80′s Rocker Arrested on Drug Charges in Indy
I always find it hard to believe that so many rockers become addicts. But just last night I found a story I’d written in 1995 about an Indiana singer named Henry Lee Summer, who hit it big in the 1980′s. And in that story, I wrote:
“Despite his success, though, Summer did not give in to the lure of drugs and alcohol . . .”
Well, that didn’t last. Because, apparently, the past eight years have been tough for Summer. And, according to this story, he has indeed become addicted.
If you remember (and maybe you don’t), the mullet-headed Summer had a nice following in the 80′s, with hits like “I Wish I Had a Girl” and “Hey Baby.” What started out as a regional following became a national one, and Summer sold over a million records. Meanwhile, his songs were featured in movies like “Twins,” “Sniper” and “Iron Eagle II,” and his videos got lots of airplay on MTV.
But a couple of paragraphs in my old story might have tipped off Summer’s pending fall:
“After two consecutive international successes, though, the sales figures of Summer’s “Way Past Midnight (1991) and “Slum Dunk” (1993), released during the height of the alternative rock craze, were somewhat of a disappointment. Making matters worse, MTV suddenly seemed less interested in Summer’s chipper pop-rock hits and more in favor of the despairingly grim grunge sound.”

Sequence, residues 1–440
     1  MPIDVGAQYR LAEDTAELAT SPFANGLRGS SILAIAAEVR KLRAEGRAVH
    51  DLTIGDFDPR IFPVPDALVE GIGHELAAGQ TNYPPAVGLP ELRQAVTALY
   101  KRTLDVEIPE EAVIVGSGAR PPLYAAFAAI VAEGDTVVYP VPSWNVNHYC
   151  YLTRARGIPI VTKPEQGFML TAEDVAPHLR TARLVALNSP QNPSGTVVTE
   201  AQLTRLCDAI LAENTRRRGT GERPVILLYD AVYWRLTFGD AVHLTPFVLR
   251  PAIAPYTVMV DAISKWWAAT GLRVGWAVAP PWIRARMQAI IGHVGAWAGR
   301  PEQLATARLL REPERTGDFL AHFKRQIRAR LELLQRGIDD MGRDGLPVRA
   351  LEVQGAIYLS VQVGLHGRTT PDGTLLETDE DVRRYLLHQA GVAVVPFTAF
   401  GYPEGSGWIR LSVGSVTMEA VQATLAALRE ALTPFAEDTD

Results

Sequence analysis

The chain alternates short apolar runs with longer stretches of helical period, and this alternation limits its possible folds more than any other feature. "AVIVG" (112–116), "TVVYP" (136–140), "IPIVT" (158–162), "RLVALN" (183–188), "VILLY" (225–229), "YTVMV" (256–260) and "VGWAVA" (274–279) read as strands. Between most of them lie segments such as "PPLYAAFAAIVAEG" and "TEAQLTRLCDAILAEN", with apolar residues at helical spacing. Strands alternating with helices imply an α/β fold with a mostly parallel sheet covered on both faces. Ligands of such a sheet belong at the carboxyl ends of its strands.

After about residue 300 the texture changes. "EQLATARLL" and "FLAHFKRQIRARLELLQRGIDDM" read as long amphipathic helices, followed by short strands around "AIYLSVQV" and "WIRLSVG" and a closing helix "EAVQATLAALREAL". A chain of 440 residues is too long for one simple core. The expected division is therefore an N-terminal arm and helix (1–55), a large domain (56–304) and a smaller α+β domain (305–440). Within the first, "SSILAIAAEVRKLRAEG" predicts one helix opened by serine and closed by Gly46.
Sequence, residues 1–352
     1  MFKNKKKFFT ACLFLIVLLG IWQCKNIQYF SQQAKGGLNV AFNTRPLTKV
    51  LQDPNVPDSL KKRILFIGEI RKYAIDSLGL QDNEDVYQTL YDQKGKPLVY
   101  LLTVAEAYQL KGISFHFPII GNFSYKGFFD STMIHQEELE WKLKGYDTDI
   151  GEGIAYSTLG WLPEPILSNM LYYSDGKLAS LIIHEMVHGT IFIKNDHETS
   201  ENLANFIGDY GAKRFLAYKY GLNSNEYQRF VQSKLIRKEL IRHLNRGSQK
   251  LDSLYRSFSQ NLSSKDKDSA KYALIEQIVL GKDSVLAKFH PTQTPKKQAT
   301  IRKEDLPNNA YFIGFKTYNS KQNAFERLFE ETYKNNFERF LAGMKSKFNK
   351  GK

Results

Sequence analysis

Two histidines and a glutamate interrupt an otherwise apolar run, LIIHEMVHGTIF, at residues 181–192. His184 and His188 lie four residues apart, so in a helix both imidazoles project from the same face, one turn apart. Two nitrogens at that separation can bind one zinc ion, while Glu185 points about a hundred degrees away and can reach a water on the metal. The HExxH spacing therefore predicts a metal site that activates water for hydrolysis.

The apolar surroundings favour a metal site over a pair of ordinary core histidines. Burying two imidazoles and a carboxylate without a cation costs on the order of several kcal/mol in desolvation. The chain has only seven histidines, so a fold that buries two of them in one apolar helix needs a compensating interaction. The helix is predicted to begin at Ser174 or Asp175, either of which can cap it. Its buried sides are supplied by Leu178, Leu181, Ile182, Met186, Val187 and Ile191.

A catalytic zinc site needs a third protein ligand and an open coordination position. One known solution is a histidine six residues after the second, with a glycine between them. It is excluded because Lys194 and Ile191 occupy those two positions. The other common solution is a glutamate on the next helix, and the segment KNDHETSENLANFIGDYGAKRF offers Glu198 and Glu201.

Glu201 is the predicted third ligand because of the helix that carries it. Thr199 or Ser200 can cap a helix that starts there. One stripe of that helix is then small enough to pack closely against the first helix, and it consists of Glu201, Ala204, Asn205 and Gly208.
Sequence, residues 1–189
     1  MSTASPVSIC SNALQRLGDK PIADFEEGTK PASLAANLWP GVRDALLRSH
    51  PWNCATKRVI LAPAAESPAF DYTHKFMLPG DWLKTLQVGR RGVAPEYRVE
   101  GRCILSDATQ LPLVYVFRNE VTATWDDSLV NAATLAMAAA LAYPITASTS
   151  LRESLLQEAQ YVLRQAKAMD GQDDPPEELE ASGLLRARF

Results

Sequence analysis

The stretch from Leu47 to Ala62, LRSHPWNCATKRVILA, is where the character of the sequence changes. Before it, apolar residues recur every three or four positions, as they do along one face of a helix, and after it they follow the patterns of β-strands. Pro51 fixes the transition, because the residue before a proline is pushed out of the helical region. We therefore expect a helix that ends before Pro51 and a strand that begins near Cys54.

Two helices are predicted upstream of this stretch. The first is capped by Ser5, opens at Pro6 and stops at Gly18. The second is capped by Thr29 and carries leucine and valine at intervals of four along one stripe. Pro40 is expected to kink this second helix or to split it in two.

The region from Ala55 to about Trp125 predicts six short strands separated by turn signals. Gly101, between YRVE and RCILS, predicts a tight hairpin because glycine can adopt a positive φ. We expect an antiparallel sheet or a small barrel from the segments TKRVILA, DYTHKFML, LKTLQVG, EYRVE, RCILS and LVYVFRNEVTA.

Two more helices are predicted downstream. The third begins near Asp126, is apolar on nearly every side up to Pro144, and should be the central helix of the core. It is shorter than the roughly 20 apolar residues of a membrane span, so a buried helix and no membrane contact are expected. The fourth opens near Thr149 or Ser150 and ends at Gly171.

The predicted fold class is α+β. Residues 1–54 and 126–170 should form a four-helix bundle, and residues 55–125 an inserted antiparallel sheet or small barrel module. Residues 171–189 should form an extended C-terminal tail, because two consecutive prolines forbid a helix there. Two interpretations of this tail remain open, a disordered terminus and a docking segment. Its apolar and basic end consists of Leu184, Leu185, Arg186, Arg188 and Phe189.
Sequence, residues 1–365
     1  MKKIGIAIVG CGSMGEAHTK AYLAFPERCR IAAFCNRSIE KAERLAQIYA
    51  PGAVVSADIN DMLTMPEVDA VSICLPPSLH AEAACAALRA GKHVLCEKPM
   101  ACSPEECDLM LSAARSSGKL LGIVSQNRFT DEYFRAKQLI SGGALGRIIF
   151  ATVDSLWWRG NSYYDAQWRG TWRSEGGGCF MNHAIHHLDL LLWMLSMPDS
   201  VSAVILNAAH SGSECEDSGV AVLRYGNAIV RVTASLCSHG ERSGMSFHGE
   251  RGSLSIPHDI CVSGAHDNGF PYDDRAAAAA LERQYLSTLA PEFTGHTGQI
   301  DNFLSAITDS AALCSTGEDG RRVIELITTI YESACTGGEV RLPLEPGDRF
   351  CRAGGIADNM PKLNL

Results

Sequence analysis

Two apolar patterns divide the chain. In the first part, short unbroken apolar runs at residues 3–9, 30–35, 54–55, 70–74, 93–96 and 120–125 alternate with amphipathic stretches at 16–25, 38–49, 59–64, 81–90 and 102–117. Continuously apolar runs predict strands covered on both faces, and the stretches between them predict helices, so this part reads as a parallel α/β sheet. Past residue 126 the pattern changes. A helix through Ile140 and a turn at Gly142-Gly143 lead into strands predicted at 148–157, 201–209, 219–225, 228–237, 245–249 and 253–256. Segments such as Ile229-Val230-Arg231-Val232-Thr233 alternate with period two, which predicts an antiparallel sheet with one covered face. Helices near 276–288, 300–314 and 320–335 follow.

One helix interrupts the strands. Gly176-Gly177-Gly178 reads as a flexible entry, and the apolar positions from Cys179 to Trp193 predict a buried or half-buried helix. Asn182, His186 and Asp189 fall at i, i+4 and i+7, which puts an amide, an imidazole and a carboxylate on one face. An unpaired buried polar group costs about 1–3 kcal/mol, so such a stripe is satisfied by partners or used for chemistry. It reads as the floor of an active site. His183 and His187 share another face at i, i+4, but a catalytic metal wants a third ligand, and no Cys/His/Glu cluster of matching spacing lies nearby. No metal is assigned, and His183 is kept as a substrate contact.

Summer told me: “I remember commenting one day, because every time you’d turn on the TV, you’d see ‘I Wish I Had A Girl.’ I remember saying, I wish they wouldn’t play that any more . . .’ Little did I know a few years later, I’d be wishing they’d play anything.”
According to the Indianapolis Star, his fall from grace finally got to him and he replaced the natural high he got from performing with a high garnered from meth.
Summer was driving his car in Indianapolis earlier this month when a police car tried to pull him over. Panicking, Summer allegedly tossed meth out of his car and fled. (The photo above is his mug shot from that night.)
While Summer’s court case is pending, he continues to fight his addiction, playing small clubs to make ends meet. In the Star story, he recently performed before a crowd of 40.
“I might never get back up there again, but so what?” he told me 14 years ago. “At least I got the chance to do it once.”
But apparently once wasn’t enough.
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